In Eagle Protect’s groundbreaking research, over 2,800 disposable glove samples (26 different brands) were analyzed for cleanliness. Microbial analysis tested the bioburden on both the inside (skin contact) and outside (food and patient contact) of gloves. The tests included fungal and microbial contaminants that could pose a threat to the product or person handled or the glove wearer.
Results discovered hundreds of unique viable microbial species, including Bacillus cereus, E. coli, Salmonella, Listeria, Streptococcus and Staphylococcus. Around 50% of gloves sampled had indications of human fecal contamination, with 58% having indications of animal fecal contamination.
Around 50% of gloves sampled had indications of human fecal contamination, with 58% having indications of animal fecal contamination.
To safeguard your business from the risk of glove cross-contamination, Eagle has launched its multi-layered proprietary glove testing program, Delta Zero™ (patent pending), ensuring Eagle gloves adhere to the highest level of consistent glove safety and performance, and are absent of unsafe chemicals, toxins and microbial contaminants.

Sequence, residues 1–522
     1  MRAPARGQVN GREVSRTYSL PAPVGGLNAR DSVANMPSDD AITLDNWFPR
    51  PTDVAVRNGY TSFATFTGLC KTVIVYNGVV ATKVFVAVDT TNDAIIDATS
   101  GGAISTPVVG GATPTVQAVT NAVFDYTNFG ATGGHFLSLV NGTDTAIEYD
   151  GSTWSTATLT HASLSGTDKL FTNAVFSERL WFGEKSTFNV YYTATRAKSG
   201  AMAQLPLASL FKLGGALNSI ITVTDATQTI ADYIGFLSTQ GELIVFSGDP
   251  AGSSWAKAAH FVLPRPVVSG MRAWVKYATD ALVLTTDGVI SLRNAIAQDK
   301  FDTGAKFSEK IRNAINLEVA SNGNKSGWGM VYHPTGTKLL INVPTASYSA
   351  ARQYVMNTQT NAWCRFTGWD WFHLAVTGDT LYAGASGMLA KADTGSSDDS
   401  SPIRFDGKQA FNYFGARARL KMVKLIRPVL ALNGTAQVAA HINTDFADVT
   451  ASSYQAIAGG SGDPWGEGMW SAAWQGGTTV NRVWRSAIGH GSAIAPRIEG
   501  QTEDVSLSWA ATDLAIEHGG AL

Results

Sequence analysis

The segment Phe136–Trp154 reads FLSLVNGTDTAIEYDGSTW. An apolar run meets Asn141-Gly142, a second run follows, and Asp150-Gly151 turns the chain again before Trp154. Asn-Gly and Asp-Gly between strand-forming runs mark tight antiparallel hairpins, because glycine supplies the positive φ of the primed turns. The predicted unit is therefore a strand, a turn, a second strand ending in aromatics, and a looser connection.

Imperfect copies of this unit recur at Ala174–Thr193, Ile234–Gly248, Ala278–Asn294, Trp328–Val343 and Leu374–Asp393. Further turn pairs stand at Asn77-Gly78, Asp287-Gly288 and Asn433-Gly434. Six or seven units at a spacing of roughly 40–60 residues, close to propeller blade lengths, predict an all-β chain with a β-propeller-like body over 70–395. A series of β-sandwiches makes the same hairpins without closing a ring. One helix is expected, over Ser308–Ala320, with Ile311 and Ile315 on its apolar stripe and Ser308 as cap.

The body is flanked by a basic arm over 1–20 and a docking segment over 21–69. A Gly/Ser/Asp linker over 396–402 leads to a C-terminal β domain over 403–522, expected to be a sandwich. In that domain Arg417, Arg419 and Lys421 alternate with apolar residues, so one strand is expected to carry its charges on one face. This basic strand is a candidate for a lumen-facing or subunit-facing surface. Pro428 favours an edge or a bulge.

What causes glove contamination?
Glove contamination results from the largely unregulated production and manufacturing, using putrid water sources and unsanitary conditions. Glove manufacturing is water-intensive, and factories tend to be located in areas of very poor water quality, with animal and human waste contamination. Some factories use these contaminated water systems and recycle water, increasing pathogen and fecal contamination. Cost savings can also be made by reducing sanitizing procedures like cutting down on cleaning tanks and lowering water temperature. Currently, there is limited and infrequent glove compliance testing on import to the US, which can lead to undetected glove pathogen and toxin contamination.